By Jessica Easthope and Paula Katinas
FLATBUSH — It’s Monday morning, and the Etheridge household is buzzing with activity. Six-year-old Noah Etheridge gets a helping hand from his dad, Dustin, adjusting his backpack before they walk to St. Saviour Catholic Academy in Park Slope, where Noah is a first grader.
When Dustin and Noah arrive at school 20 minutes later, dad bids his son goodbye on the sidewalk and watches as Noah enters the building where he will spend the next several hours.
That walk is part of a bigger journey for the Etheridges — one that has taken them 627 miles from North Carolina to New York.
Dustin and Kristy moved to Brooklyn in 2018 and have since established strong roots, so much so that they’re on a first-name basis with their local bodega owner, who knows their sandwich orders by heart.
Dustin was a stranger to New York, and Kristy was only an occasional tourist when they took a leap of faith and made a move that would drastically change their lives.
Kristy, who grew up outside Philadelphia, had visited New York a number of times. Dustin was born and raised in North Carolina and, throughout his journalism career, had traveled to a number of major cities, like London, Paris, and Barcelona — but never New York.
So they took a two-day trip to the Big Apple in the fall of 2016. The scene when they stepped outside of Penn Station is one they remember vividly.
“We walked out onto 34th Street … and it was Black Friday, and it was snowing,” Dustin recalled. “It was like a postcard image that people have of New York City decorated for the holidays.”
The couple soon returned home to Charlotte. However, Dustin knew that it wouldn’t be the last time he’d see New York.
Dustin and Kristy met when they were working at a television station in North Carolina. Kristy was a reporter, and Dustin was often assigned to work with her as her videographer. They became engaged in March 2010 and were married six months later.
Kristy had always thought of New York as a nice place to visit but questioned whether the city was conducive to family life.
“For the better part of a year, we had talked about it and kicked it around. Kristy had a lot of apprehensions,” Dustin said.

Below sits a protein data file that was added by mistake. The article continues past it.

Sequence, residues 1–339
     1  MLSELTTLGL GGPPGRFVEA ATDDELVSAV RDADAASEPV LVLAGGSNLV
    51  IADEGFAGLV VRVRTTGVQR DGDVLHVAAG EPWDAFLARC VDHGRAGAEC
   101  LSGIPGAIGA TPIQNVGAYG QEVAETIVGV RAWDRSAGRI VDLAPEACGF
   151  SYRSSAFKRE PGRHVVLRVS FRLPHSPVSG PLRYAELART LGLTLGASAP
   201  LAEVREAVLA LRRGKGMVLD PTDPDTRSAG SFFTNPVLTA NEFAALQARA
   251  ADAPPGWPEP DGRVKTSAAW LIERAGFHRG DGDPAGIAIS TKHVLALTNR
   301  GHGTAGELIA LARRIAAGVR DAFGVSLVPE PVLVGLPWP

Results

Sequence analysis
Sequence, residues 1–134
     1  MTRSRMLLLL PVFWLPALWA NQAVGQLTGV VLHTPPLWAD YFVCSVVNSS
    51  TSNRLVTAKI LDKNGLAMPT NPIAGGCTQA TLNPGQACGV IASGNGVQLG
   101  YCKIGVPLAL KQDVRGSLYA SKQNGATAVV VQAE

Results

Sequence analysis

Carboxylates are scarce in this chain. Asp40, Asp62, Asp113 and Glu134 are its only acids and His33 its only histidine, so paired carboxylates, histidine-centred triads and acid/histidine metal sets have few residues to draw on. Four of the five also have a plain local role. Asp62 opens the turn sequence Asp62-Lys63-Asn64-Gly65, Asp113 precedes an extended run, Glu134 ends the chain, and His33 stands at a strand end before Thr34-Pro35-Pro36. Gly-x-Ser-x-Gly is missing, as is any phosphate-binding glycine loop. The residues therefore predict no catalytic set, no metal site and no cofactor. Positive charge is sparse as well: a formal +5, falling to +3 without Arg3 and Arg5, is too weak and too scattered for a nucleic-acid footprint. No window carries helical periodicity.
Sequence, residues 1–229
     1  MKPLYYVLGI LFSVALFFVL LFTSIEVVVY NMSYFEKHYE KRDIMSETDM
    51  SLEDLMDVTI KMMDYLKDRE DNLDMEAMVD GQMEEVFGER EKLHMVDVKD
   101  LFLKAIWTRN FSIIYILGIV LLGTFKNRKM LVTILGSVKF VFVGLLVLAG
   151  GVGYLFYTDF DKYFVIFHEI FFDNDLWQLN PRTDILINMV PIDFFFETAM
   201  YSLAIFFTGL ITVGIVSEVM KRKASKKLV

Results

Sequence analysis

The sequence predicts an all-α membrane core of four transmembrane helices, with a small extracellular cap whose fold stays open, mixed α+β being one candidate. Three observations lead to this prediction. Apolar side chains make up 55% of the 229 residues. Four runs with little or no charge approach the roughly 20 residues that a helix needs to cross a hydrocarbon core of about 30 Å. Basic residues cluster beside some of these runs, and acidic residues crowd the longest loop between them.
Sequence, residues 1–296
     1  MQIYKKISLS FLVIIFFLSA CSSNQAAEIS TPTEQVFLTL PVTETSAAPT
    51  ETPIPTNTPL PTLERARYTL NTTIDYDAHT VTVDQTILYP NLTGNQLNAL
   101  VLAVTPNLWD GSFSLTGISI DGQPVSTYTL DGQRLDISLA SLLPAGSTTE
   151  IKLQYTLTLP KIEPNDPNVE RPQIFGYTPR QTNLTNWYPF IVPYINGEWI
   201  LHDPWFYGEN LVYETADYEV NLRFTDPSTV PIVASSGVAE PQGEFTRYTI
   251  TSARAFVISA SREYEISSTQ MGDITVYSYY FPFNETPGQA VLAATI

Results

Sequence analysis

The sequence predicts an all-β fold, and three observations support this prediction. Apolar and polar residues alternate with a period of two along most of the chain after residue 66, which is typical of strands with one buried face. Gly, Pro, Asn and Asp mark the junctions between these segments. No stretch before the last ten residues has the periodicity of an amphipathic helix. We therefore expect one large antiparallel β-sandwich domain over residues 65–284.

Then, Dustin landed a job with a video production company in Brooklyn, and that got the ball rolling pretty quickly.
Kristy and Dustin said they felt that God was opening doors for them. They, along with Noah, who was 2, made the big move in 2018. They packed up a U-Haul and headed north — not knowing anyone in Brooklyn.
The Etheridges are Christian and soon found their faith community at the Bridge Church NYC, a nondenominational congregation in Downtown Brooklyn.
“Our lives are built around faith,” said Kristy.
But the video production job that had paved the way for their move to New York fizzled out after a couple of months.
Dustin soon landed a position at DeSales Media Group, the communications and technology ministry and parent company of The Tablet.
“The call from DeSales felt like a divine appointment,” said Kristy, who joined DeSales Media Group as a freelancer a year later.
After the COVID-19 pandemic arrived in 2020, the couple decided to homeschool Noah for preschool and kindergarten.
While that was going well, when their second child, Olivia, was born in 2021, homeschooling became too much of a challenge. So Dustin and Kristy began looking at various schools for Noah, but they struggled to find a good fit.
“What we didn’t want was to have church or faith be a Sunday-only thing,” Kristy said. “We really wanted it to be part of our family’s whole life.”
Their place of employment played a hand in their decision. Dustin serves as the manager of digital content and creative services for the news department at DeSales Media, and Kristy is the proofreader for The Tablet.
“We know everything that’s going on with the schools and with the diocese,” Dustin explained. “And we watched how the Catholic schools were quietly successful through the pandemic and how the standardized testing scores were doing.”
Schools in the Diocese of Brooklyn, which had adopted a remote learning model during the height of the pandemic, reopened fully to in-person classes in September 2020 with safety precautions such as social distancing and mandatory mask-wearing in place.
By contrast, New York City public schools did not fully reopen that September but were instead subject to a hodgepodge of partial reopenings and scattered schedules depending on COVID-19 transmission rates. After only eight weeks, public schools fully closed on Nov. 19 and went back to a remote learning model. Elementary schools reopened for in-person classes on Dec. 10, and high schools didn’t reopen until the following March.